After Slavery: Educator Resources

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7. A Description of Wade Hampton's Campaign

The following educational document corresponds with Unit Eight: Planters, Poor Whites and White Supremacy in the After Slavery exhibition. Note the "Questions to Consider" section included at the end of each document.

In 1876, Alfred B. Williams was a young reporter for the Journal of Commerce, a newspaper based in Charleston. He covered the 1876 campaign and accompanied Wade Hampton on his canvass of the state during September and October. In 1926, fifty years later, he reminisced about the campaign, and in this selection Williams comments on how the campaign unified whites across the state. The Democrats adopted the "red shirt" as their uniform, making quite an impression when they assembled for a campaign rally or to harass Republicans at their meetings. A crucial part of the Democratic strategy was to convince all poor whites that they should vote for Hampton, a point emphasized by Williams's description of the Hampton parades.

A Description of Wade Hampton's Campaign

Those two weeks of October must have been busy for the women. Including those made for and worn by the boys, eighty-five thousand red shirts must have been made before the twentieth of October. The fashion flashed through the state with the amazing swiftness with which ideas, changes or modifications of politics and methods of campaigning spread. It seemed hardly necessary for "A. C. Haskell, Chairman," or "Your Fellow Citizen, Wade Hampton" to issue orders through the newspapers. Their opinions and wishes apparently were felt somehow and obeyed from Beaufort to Oconee in a day. So, the red shirt blossomed everywhere at once, like dandelions in spring. No official order or suggestion concerning them ever was given out, so far as is known.

The historic garments came out in the state—to change the simile—like scarlet fever on the skin.

In this connection, it is well to remember that when this story tells of seven hundred or one thousand, or three thousand mounted Red Shirts in procession readers are not to imagine long lines of stately, vividly clad, knightly figures on prancing steeds. Few people in South Carolina had fine horses then. Probably the majority of the riders bestrode mules. The Hampton riders illustrated equine as well as human democracy. If there was a thoroughbred horse in line he might be alongside a patient, plodding bony plow animal or a mare with her foal trotting at her side. Now and then a poor fellow who had nothing else on which to follow Hampton would appear riding an ox and be especially cheered for doing it; but he would have gotten himself a red shirt somehow. And the riders would be men of all ages and degrees--old and bent, young and stalwart, smart and shabby, ragged and patched breeches and cowhide boots or brogans along with costly equipment—differing widely in outward aspects as men can differ, but with the one purpose and hope in all their hearts. "For Romans were like brothers in the brave days of old."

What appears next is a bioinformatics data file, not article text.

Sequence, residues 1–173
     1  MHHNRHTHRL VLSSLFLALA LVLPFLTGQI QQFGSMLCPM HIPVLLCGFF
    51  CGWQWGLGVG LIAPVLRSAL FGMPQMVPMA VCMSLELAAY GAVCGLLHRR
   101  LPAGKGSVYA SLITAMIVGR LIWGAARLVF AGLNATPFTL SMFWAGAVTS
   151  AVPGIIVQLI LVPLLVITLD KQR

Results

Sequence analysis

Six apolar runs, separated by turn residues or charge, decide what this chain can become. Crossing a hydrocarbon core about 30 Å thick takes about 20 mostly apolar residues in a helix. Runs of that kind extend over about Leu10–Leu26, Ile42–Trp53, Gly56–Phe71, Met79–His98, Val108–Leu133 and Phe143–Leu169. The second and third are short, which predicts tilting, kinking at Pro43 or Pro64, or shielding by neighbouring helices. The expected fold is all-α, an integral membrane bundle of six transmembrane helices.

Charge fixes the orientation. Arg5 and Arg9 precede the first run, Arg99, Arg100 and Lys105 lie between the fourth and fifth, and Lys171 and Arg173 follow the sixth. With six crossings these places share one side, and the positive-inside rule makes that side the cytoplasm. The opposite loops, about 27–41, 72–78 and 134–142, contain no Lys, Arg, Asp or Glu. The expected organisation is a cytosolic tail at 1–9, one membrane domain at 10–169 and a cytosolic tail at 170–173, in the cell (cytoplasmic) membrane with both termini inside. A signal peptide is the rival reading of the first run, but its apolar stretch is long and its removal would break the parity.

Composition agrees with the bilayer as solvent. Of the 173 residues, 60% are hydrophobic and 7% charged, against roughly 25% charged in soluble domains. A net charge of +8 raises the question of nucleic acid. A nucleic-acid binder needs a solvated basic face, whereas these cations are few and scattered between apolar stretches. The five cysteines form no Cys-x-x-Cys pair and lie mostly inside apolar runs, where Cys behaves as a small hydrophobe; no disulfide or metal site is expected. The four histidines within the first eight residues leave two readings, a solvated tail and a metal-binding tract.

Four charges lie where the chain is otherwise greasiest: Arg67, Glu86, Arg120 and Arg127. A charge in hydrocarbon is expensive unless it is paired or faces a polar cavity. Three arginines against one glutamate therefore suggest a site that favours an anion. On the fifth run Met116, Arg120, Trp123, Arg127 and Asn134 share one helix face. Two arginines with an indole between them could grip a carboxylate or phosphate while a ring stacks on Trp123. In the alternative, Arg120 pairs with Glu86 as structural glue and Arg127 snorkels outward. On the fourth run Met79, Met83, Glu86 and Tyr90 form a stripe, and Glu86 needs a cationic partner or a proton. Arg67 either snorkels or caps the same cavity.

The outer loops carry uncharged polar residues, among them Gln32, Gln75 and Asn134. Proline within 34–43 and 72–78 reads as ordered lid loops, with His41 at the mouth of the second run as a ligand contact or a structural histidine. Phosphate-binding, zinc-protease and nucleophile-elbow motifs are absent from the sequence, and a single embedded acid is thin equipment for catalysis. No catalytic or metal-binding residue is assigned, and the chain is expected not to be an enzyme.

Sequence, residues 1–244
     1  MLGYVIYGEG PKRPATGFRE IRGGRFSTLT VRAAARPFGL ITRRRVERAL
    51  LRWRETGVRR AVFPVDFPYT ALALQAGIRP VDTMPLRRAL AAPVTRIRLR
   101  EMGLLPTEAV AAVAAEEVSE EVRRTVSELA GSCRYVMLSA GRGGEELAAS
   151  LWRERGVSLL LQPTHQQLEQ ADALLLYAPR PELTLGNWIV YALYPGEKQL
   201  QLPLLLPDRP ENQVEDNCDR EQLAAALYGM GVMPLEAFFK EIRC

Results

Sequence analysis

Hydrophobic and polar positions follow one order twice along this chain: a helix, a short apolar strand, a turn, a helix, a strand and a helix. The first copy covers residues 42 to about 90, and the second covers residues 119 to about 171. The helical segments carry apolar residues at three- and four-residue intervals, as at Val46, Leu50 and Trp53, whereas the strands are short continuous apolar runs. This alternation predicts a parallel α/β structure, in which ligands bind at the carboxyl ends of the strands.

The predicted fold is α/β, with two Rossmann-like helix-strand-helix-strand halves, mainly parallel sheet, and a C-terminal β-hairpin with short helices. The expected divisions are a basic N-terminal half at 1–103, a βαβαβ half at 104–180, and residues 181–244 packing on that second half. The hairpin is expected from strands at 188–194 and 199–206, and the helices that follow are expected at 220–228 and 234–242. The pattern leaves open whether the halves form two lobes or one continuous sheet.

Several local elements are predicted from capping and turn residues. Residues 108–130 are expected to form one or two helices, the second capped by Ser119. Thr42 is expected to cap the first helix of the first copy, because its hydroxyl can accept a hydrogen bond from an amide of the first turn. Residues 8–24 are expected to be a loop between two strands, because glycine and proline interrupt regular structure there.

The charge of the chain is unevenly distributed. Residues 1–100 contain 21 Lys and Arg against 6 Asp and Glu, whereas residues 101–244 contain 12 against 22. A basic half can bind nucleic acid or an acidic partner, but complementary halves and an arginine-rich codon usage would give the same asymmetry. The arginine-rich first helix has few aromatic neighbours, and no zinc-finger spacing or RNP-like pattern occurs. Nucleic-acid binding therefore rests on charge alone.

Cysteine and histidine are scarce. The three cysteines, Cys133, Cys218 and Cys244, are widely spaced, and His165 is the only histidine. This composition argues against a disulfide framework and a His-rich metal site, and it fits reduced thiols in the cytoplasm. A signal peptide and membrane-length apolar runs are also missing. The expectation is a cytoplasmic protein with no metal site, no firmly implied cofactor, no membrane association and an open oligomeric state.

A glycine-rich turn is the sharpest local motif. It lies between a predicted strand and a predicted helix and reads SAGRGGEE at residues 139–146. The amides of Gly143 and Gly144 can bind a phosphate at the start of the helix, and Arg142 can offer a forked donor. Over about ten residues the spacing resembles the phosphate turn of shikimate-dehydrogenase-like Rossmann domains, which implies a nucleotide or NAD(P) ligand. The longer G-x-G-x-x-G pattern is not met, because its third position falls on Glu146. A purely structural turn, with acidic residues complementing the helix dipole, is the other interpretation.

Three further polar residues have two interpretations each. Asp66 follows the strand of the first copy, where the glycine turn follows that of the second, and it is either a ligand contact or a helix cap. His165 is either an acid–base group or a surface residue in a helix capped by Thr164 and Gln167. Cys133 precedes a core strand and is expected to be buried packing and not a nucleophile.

Source: Alfred B. Williams, Hampton and His Red Shirts: South Carolina's Deliverance in 1876 (Charleston: Walker, Evans and Cogswell, 1935), pp.255-256.


Questions to Consider

  1. Why was having a distinctive uniform important for the Democrats in the 1876 campaign?

  2. If news about things such as the red shirt uniform spread quickly and spontaneously around the state, what does that say about the level of organization and common purpose amongst whites?

  3. What is Williams's point in emphasizing the humble nature of the Democrats' steeds?

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